AMD’s Ryzen-fueled recovery handed the company its first full-year profits in years in 2017, and 2018 appears to be off to a very strong start. The company posted revenue of $1.65B for Q1 2018, up 1.4x from the same period in 2017. According to AMD CEO Lisa Su, Ryzen processor shipments grew significantly, from a bit more than 40 percent of client APU/CPU revenue in Q4 2017 to 60 percent in Q1 2018. This surge was undoubtedly helped by the launch of both Ryzen Mobile in very late Q4 and new Ryzen desktop APUs like the 2400G and 2200G in mid-Q1.
Here’s how Lisa Su summarized the GPU market:
In Graphics, we delivered strong year-over-year revenue growth as ASP and unit shipments increased significantly. On a sequential basis, revenue increased and we outperformed seasonality with strong Radeon Vega and 500 series channel sales, driven by both gaming and blockchain demand.
AMD also stated it’s on track to ramp Radeon Instinct MI25 for deep learning workloads, and still expects to deliver a 7nm die shrink for its GPUs later in 2018. Apart from a very small OEM rebrand effort around the 500-series, AMD has not indicated that it intends to launch any new desktop cards this year, and it’s not clear if such cards could significantly close the gap with the refreshed hardware Nvidia is expected to debut.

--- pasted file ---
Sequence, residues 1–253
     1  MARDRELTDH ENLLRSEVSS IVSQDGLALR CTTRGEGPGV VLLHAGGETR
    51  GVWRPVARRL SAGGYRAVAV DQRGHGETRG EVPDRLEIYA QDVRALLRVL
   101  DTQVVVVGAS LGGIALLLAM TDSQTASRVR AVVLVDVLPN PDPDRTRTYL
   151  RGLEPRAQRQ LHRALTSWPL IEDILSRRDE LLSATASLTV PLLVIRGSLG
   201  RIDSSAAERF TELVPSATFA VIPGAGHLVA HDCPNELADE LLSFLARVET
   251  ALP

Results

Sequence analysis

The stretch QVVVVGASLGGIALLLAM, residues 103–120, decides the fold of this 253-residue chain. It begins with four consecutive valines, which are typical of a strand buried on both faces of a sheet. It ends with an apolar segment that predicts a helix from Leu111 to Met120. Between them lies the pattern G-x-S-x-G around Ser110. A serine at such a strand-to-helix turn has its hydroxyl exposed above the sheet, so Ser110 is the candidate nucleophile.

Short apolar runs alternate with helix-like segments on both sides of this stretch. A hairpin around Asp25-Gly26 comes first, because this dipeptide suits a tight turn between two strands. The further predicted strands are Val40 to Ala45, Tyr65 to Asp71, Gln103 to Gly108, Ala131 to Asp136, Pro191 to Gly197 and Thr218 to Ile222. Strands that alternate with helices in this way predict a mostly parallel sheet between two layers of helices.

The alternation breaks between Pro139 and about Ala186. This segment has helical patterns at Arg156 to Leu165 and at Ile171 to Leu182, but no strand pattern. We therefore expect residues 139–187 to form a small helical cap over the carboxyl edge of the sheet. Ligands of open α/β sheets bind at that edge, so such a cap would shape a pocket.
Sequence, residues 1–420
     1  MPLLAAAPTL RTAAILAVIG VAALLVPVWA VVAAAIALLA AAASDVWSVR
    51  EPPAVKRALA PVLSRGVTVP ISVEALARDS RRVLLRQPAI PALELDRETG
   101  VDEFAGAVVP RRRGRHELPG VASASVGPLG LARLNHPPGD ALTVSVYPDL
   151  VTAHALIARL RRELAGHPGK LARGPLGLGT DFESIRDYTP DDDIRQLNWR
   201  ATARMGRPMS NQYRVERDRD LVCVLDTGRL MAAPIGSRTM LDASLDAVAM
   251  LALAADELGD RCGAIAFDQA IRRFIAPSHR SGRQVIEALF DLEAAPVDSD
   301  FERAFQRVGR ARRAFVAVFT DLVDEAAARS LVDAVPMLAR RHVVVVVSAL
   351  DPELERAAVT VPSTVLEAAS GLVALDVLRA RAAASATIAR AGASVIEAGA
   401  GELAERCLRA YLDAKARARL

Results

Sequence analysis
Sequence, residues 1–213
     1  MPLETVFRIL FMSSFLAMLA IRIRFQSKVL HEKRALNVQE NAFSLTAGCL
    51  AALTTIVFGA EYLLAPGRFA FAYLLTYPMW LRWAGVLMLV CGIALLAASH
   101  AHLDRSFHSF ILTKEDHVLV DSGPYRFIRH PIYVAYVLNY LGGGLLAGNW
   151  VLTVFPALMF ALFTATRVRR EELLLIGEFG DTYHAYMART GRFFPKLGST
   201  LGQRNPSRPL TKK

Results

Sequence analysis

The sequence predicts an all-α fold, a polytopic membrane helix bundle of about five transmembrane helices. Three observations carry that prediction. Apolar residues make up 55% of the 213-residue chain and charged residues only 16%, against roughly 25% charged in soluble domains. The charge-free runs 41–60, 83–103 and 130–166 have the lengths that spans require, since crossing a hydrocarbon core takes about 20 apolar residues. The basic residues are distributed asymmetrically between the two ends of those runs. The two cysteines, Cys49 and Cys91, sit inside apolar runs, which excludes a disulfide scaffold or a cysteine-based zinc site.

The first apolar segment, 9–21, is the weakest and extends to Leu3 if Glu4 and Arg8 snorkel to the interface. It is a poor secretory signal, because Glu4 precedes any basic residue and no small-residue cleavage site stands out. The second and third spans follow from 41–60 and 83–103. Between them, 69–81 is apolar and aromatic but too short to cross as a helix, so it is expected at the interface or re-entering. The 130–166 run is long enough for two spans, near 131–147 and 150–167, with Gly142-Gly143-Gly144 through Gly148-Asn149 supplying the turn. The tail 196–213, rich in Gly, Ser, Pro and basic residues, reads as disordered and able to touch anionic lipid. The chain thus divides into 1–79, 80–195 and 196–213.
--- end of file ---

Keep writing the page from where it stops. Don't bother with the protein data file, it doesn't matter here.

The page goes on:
Server revenue grew by double-digits sequentially, though be aware that ramp is essentially starting from $0. While AMD has been slowly ramping Epyc into the server market, these rollouts take time. The company has previously stated it hopes to hold mid-single digit market share in server by the end of the year (we’re estimating that at 4-6 percent).
AMD’s gross margins ticked up to 36 percent, in-line with the company’s predictions and 4 percentage points higher than the 32 percent it recorded for Q1 2017. AMD expects its Q2 2018 earnings to be $1.725B, up 1.5x from the same period in Q2 2017. While investors have repeatedly expressed fear that AMD might suffer a hit if GPU sales into cryptocurrency mining calm down, AMD doesn’t see itself as overly exposed. Devinder Kumar told investors that the company expects “Blockchain revenue to be mid to high-single-digit percentage of revenue for 2018.” Reduced profit in the EESC business was related to a one-time licensing gain that AMD recorded back in Q1 2017 rather than a significant difference in unit sales.
Now, we’re not saying that 7-9 percent of AMD’s yearly revenue is nothing. Even if we assumed AMD simply hit Q1 2018’s sales figures four times in a row, that’d work out to as much as $594M. But remember, revenue isn’t the same thing as profit, and AMD’s margins on GPUs have historically been much smaller than its CPUs. Napkin-level math using our lowballed ($1.65B *4) figure with a 10 percent net profit margin suggests AMD might make $60 million in profit off crypto mining in 2018, assuming that demand for cards holds. Again, that’s by no means nothing, but it’s not particularly large compared with Ryzen, either. With a second-generation Ryzen now in-market, AMD looks to be well-positioned for 2018.
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